hOr / frawst –
From the old English, hoar frost evokes the hairy, beard-like frost that grows upon trees and other outdoor objects when the combination of temperature and humidity crystalize ice in a white, icy fuzz on all the surfaces of the world.
It is a kind of magical scene, assuming it is not too cold to be outside.
The dog and I felt compelled to walk for over an hour through this wintery wonderland.
If you thought it was magic walking through a gentle snowfall in the evening, with the flakes drifting through the air all around you and in every direction like stars descending slowly through the spaces and places, try instead walking through a winter forest the morning after a fog when the hoar frost covers literally every branch with a frozen crystalline twinkle.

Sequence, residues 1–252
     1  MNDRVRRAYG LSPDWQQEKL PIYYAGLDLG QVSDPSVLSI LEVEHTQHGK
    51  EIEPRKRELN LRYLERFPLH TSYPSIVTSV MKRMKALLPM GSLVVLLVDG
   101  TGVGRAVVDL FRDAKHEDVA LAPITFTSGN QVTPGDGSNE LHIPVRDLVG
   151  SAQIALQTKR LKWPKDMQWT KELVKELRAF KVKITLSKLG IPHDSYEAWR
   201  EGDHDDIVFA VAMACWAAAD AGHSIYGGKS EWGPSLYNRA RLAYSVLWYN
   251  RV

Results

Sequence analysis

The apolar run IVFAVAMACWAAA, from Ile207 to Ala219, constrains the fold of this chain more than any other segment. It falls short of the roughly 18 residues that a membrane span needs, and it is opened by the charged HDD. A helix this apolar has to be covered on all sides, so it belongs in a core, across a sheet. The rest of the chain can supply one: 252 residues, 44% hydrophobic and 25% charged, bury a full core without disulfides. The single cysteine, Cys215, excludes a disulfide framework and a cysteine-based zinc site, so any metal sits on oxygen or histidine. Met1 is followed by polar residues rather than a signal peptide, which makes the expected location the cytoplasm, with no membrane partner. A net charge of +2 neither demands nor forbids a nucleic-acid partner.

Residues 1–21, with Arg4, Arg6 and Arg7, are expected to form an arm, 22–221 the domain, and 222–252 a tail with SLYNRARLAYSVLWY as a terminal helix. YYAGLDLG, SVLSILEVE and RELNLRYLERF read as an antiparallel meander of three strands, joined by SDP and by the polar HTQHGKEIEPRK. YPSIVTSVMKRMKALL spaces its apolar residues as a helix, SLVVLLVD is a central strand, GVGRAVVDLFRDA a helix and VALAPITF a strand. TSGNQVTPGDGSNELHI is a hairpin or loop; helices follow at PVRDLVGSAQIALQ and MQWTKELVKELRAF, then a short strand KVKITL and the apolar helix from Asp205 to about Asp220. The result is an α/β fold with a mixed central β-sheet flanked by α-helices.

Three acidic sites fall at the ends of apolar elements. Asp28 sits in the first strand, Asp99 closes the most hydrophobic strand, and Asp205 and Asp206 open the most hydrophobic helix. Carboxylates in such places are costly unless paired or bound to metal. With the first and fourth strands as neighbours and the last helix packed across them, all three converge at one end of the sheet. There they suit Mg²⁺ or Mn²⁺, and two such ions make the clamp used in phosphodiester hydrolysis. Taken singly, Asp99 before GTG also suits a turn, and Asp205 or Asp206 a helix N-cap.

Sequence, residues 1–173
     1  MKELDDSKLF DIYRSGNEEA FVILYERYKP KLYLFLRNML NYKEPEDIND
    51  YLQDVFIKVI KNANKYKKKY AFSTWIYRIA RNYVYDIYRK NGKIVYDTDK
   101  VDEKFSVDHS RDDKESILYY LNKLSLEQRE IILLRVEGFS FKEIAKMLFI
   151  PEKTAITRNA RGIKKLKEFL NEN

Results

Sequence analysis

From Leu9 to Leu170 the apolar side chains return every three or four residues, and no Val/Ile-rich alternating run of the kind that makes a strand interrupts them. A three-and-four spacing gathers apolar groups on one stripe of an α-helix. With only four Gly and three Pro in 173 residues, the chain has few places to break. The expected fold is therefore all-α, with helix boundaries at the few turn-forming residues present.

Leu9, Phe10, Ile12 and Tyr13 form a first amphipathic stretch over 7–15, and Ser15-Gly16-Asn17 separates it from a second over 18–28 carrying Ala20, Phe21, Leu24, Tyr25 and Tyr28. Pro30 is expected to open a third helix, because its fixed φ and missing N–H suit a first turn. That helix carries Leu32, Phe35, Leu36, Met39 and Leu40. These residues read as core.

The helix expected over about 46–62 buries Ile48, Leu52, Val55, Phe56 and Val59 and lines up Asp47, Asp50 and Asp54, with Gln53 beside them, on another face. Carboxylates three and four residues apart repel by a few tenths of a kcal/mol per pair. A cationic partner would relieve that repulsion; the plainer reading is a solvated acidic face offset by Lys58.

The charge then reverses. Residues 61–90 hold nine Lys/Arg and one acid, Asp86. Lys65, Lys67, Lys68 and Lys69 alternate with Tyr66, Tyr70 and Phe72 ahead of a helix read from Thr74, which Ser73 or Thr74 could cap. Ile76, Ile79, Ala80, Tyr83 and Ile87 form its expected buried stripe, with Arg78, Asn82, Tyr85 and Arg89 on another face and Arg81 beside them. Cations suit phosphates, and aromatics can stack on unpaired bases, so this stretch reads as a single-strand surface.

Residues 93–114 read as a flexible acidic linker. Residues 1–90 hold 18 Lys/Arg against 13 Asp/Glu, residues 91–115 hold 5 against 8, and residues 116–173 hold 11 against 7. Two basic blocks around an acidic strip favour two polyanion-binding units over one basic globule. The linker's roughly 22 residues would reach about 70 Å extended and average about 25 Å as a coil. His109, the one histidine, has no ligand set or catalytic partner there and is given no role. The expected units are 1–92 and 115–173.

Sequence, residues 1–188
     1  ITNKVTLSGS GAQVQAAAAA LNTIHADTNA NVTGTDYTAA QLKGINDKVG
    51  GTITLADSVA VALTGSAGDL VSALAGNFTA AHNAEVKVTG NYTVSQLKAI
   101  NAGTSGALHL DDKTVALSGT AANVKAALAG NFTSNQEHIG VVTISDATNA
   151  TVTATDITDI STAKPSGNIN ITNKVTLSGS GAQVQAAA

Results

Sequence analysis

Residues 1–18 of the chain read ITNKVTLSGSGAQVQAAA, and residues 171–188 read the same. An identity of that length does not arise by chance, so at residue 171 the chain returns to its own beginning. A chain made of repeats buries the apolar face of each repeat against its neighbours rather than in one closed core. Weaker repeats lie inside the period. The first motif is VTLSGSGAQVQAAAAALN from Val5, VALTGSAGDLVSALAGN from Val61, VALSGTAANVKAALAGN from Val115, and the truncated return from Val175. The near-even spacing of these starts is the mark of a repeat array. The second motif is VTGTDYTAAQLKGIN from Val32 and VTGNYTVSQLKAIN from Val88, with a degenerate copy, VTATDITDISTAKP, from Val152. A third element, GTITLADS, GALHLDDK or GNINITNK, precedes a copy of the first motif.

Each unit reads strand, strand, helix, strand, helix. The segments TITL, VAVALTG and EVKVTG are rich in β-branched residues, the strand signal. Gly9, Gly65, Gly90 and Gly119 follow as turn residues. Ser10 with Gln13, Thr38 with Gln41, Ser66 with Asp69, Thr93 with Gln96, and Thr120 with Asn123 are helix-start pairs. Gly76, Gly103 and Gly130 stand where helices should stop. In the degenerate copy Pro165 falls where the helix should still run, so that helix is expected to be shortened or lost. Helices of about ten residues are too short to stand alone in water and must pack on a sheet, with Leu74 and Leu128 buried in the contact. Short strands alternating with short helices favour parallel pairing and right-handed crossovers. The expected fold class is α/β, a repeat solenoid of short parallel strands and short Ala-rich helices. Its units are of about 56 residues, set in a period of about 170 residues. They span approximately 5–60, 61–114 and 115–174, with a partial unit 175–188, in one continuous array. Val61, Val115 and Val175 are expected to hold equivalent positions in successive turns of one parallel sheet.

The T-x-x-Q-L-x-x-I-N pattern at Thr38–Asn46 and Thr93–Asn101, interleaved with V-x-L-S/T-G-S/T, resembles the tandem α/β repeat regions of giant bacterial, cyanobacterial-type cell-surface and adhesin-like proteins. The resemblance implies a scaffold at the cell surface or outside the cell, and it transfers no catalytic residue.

To reach out an touch the delicate ice is to destroy it, either shattering or melting it into nothingness, back to dusty snow or a drop of cold dew on your fingertip.
And as the sun reaches into the sky, the apricity sublimates it back into the atmosphere, like fairy dust returning to the magical source, suddenly and subtly gone without explanation. The fungal-like growth slinks back into whence it came.
To walk between and under trees covered in hoar frost is to feel the deep cold of mid-winter with your eyes and to understand the power of nature to decorate itself in such a visualization of the weather.
Powerful and gentle, peaceful and extreme.